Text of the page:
Overall rating: R
Genre: slash, drama - Pirates of the Caribbean
Pairings: Norrington/Gillette, Gillette/OMC, hint of Elizabeth/Will
Warnings: angst
Feedback: very welcome. Good or bad.

Summary: Captain Benham has been ordered to Port Royal to sort out the mess Lord Cutler Beckett has left behind. He's confronted with a web of lies, secrets and a lieutenant who refuses to accept that his captain is dead.

Author's note: While this story is a stand-alone, it can be read as a sequel to

Captain Benham wiped the sweat off his forehead, leaving a smudge. Mr. Wallace considered mentioning it, but then decided against it. Benham's clothes showed numerous grass stains, his breeches were dirty from kneeling on the ground. One smudge more or less really didn't make any difference.

"Now look at this, it really worked, Wally! Lieutenant Gillette certainly is a genius, at least as far as gardening is concerned."

Wallace eyed the three slugs and various dead flies, drifting in the beer-filled bowl. Drowned in ale - at least their death had been a happy one.

"Well, he was right about the slugs, Sir," Wallace replied, deciding to keep his opinion about Thomas Gillette's genius or the lack thereof to himself.

Benham, still crouching on the ground, checked the cabbage plant for possible damage, and noticed with great satisfaction that it looked healthier and greener than ever before.

"Slugs are drunkards, Wally. Another interesting thing we've learned during our stay here. Have you any news regarding Mr. Gillette's state of health?"

"Mr. Jeremy hasn't returned from Fort Charles yet, Sir. But last thing I've heard, Mr. Gillette's recovering from the fever, and he seems to have stopped babbling nonsense about ghosts, pardon my French, Sir."

"I don't know your French, so she can do whatever pleases her." Benham found another slug, plucked it from one of his precious cabbages, took his knife and cut the animal in half. "Bloody beasts. They're everywhere. I'm at loss for words, Wally. At least as far as the written variety is concerned, and that's the one the Admiralty is interested in. I might as well send them a paper containing nothing but stick-figures. I think it's safe to say that I will be ordered home very soon, probably spending the rest of my days checking canvas supplies and controlling lists."

Wallace didn't like the way Benham looked at the moment, pale with dark circles under his eyes. Lucas Benham the invincible showed vulnerability. The old tar had no idea how he could help his captain; maybe a bit of rum would be a good start.

"How about - bending the truth, Sir? Not that I'd ever say you should be lying," he hastened to add. "Just - forget a fact here and there."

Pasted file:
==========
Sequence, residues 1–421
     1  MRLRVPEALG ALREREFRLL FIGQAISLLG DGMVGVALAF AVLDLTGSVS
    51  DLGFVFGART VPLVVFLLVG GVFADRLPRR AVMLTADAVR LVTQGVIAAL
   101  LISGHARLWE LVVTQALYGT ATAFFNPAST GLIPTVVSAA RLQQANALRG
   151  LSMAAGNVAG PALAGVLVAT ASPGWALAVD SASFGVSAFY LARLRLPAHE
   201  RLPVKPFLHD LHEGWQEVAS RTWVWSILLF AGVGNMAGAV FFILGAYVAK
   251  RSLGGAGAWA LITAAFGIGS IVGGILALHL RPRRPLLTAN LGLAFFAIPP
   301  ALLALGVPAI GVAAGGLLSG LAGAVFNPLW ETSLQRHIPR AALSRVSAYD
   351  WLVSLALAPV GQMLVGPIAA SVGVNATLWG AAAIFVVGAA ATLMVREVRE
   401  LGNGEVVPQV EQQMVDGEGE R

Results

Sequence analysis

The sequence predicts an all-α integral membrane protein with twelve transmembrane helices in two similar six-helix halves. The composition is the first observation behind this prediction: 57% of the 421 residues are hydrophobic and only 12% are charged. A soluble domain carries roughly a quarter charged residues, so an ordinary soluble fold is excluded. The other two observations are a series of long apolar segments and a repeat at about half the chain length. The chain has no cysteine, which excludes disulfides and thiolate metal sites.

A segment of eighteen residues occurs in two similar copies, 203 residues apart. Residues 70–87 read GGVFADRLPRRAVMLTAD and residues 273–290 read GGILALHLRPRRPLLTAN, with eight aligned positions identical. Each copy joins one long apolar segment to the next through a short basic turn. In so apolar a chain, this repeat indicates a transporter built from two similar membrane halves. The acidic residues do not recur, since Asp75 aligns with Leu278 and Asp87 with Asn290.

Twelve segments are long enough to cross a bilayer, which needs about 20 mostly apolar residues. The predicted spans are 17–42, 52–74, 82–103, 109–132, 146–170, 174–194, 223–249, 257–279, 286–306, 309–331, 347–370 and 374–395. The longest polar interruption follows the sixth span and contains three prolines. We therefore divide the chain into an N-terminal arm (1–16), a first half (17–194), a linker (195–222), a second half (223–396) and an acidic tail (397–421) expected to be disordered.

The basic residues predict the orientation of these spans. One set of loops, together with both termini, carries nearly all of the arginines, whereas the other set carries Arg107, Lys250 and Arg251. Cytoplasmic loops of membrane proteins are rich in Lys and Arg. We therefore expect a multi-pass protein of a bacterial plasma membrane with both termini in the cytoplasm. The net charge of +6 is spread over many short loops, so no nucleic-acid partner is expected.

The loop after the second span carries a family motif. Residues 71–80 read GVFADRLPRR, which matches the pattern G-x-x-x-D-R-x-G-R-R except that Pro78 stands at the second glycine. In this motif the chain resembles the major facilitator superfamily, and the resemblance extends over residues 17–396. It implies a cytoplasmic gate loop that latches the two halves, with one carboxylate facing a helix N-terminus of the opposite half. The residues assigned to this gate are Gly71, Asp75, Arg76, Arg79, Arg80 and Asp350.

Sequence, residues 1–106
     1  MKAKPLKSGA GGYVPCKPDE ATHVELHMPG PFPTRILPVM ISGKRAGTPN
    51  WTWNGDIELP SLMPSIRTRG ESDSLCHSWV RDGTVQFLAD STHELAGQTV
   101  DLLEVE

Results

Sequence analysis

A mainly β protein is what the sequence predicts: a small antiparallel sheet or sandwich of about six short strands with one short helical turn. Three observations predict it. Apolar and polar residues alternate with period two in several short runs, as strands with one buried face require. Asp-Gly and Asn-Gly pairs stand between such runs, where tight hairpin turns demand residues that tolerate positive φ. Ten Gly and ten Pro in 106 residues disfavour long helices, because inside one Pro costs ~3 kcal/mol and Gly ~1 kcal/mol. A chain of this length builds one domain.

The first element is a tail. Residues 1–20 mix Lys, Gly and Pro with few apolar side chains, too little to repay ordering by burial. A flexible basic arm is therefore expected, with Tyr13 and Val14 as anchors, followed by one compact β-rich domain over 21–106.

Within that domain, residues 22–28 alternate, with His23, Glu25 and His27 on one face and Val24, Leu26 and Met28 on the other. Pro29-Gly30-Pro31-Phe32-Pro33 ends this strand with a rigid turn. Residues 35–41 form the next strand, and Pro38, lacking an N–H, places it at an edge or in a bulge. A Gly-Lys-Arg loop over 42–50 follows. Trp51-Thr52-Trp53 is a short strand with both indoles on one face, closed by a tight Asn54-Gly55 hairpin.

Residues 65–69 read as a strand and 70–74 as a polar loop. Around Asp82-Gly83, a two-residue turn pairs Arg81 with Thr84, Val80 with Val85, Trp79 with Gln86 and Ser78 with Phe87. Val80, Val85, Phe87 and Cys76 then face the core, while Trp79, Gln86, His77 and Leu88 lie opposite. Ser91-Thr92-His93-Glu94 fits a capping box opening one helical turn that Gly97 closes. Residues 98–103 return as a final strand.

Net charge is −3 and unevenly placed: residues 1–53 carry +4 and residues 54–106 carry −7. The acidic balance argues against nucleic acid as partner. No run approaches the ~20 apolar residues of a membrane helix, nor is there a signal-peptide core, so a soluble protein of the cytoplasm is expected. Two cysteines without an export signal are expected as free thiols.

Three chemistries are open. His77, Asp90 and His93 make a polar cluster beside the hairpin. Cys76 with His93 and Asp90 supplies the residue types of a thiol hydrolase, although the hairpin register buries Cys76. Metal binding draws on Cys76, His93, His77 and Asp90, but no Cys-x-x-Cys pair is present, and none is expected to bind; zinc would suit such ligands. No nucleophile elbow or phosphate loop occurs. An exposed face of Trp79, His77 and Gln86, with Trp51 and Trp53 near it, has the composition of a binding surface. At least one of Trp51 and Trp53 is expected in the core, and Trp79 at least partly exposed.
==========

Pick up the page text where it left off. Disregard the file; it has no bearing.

"Forget a fact? Wonderful idea. Splendid. Which one, Wally? The captain in the barrel we unfortunately lost along the way? The storm only affecting our ship, or Mr. Gillette's and Mr. Jeremy's little argument? I was ordered to come here to sort out the mess Lord Cutler Beckett has left behind and clear James Norrington's name. I think it's safe to say that my mission was a complete failure. Damnation, there's another one. Can't a man at least enjoy his cabbage?"

Wallace fiddled with his neckerchief.

"The less you write the better. It will be just another report, read by people who have a thousand other reports to read. Governor Green won't care, and in the end, the Admiralty won't care, either. There was a storm, we survived, things happened, period."

Benham stood up and winced. His back hurt, and he could feel a pounding headache coming up. He began to pace up and down the row of cabbages, knife still in hand, gesticulating wildly.

"Maybe the Admiralty doesn't care, but I do! I've taken some liberty with the truth before, and I have no regrets. But I want to understand what has happened here!"

Somebody was clearing his throat behind them, and both Wallace and Benham jumped. It was Midshipman Jeremy, hat under his arm.

"My apologies for eavesdropping, but with all due respect, Sir, there are things we will never understand. We just have to accept them. I agree with Mr. Wallace - there was a storm, we survived. Others didn't. Such things happen every day. Forgive me for being so forward, Sir, but nobody has a right to be all-knowing. Or perfect."

Benham gave Jeremy a sidewise glance. Not for the first time he had the humbling feeling of being younger than the midshipman. Calm and rational rather than full of youthful enthusiasm - Mr. Jeremy had grown up.

"As much as I hate to admit it, the midshipman has more common sense than his captain. Wally, please return to the
Blackberry and see if Mr. Dee needs any help. We'll put to sea in two days, I don't want any problems."

"Yes, Sir."

"Mr. Jeremy, there are some things we need to discuss. Please try and step on as many slugs as possible on your way back."